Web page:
Roy Hargrove
Nothing Serious
Verve (May 2)
Maybe Roy Hargrove needs to play with Rh Factor (his R&B, hip hop, and soul supergroup that is much less than the sum of its parts) to clear out the cobwebs or loosen him up for this ebullient, Latin-tinged hard bop. In any case, Nothing Serious rivals 1997's Habana as the best record of his once-precocious, now protean career. Many virtues are immediately apparent. Hargrove has a telepathic intimacy with his longstanding rhythm section, especially drummer Willie Jones III. Pianist Ronnie Matthews is razor-sharp in both bop and Latin idioms, and is an ace composer to boot (check out the modal dynamo "Salima's Dance"). Alto sax newcomer Justin Robinson is a name to bookmark, possessing an uncowed willingness to gambol with all his frisky energy alongside Hargrove's relentless trumpet lines. True to its title, Nothing Serious is a disc to treasure not because it pushes any creative envelopes, but because it unspools an extraordinarily consistent batch of high-quality, mostly original tunes with giddy panache.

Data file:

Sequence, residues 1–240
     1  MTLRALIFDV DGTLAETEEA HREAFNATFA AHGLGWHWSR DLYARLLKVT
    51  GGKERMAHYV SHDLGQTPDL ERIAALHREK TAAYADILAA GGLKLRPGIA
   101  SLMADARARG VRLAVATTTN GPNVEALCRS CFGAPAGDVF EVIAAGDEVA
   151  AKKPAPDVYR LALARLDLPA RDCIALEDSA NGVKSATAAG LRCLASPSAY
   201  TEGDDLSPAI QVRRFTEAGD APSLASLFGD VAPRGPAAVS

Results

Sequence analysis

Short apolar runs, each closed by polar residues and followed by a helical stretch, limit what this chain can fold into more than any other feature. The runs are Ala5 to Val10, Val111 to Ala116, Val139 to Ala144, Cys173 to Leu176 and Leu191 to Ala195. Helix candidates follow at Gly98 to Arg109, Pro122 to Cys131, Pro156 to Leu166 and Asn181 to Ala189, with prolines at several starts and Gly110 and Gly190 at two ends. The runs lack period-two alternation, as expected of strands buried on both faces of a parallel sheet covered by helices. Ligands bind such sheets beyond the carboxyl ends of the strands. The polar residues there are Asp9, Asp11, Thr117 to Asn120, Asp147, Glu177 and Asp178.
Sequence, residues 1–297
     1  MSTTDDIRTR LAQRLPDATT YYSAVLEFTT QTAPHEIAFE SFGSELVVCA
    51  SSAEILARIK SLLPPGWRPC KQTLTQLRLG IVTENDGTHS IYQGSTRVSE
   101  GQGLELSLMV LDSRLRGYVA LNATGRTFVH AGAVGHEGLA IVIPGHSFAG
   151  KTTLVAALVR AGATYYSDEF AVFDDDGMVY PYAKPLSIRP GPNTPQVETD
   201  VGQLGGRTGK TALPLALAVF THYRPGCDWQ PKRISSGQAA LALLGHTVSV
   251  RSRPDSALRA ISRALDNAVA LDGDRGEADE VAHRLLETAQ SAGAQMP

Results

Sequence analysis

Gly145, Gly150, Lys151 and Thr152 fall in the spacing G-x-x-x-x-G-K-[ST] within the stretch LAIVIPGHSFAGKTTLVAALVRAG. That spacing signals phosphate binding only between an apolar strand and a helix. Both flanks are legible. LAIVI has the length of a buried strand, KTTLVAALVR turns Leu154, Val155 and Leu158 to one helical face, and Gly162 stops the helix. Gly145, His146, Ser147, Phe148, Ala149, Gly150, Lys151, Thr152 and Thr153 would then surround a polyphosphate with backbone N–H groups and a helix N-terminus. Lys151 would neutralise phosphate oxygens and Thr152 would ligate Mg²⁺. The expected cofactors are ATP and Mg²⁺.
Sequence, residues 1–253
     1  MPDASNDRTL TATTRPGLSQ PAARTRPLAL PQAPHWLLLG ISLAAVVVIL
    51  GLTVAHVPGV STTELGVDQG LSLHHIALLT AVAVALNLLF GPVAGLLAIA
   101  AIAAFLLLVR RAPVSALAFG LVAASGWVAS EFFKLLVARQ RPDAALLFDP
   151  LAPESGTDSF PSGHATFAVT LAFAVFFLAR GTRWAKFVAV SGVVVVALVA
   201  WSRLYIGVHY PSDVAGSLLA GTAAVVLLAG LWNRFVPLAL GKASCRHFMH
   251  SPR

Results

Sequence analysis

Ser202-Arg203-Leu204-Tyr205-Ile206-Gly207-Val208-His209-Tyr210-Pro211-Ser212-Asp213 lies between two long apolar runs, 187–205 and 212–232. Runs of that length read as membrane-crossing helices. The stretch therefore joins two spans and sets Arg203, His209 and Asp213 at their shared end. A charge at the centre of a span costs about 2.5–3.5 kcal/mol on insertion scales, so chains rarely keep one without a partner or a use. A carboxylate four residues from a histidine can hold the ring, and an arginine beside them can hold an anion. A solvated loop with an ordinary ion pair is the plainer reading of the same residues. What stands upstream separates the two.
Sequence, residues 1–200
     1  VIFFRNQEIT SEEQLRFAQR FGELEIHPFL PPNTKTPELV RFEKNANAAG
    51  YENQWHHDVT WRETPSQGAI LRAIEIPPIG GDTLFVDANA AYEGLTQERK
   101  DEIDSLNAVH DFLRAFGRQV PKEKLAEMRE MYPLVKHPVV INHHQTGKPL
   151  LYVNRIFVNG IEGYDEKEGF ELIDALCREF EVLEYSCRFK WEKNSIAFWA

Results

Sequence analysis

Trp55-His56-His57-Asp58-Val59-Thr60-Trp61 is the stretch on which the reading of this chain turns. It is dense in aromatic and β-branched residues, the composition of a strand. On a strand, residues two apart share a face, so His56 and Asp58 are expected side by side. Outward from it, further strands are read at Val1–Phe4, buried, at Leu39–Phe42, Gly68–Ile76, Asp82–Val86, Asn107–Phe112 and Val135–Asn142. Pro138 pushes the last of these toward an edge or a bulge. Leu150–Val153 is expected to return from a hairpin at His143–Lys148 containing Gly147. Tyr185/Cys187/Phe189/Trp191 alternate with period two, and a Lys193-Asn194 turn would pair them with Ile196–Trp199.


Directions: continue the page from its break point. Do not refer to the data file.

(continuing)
Bobby Previte
The Coalition of the Willing
Ropeadope (May 2)
I'm sidestepping genre definitions here. Yes, some tracks on Coalition will conjure memories of Strawberry Alarm Clock and Big Country, and some jazz reviewers have sniffed that it is a rock record. But drummer Previte and guitarist Charlie Hunter both have lengthy jazz bona fides, and besides, this disc will never be played on KQ or 93X, and is far more intrepid and improvisational than so-called jazz efforts like Marcus Miller's crypto-funk or Spyrogyra's cerebral laxative. But yes, it rocks like a mother, with a slab of holy kitsch cheese on top. "The Ministry of Truth" is tsunami surf music, replete with what sounds like a Farfisa organ and an indelible, industrial-strength groove. Hunter makes like Sonny Sharrock on the blistering "Ministry of Love." "The Inner Party" opens with the drum break from Sly Stone's "Higher" and what could be a woozy but fried Hawaiian slack key guitar passage, before extending into some Allman Bros.-style slide guitar interplay. Members of bands like Sex Mob and Primus are among the personnel. Add it up and call it jazz. Or better yet, buy it and don't categorize it.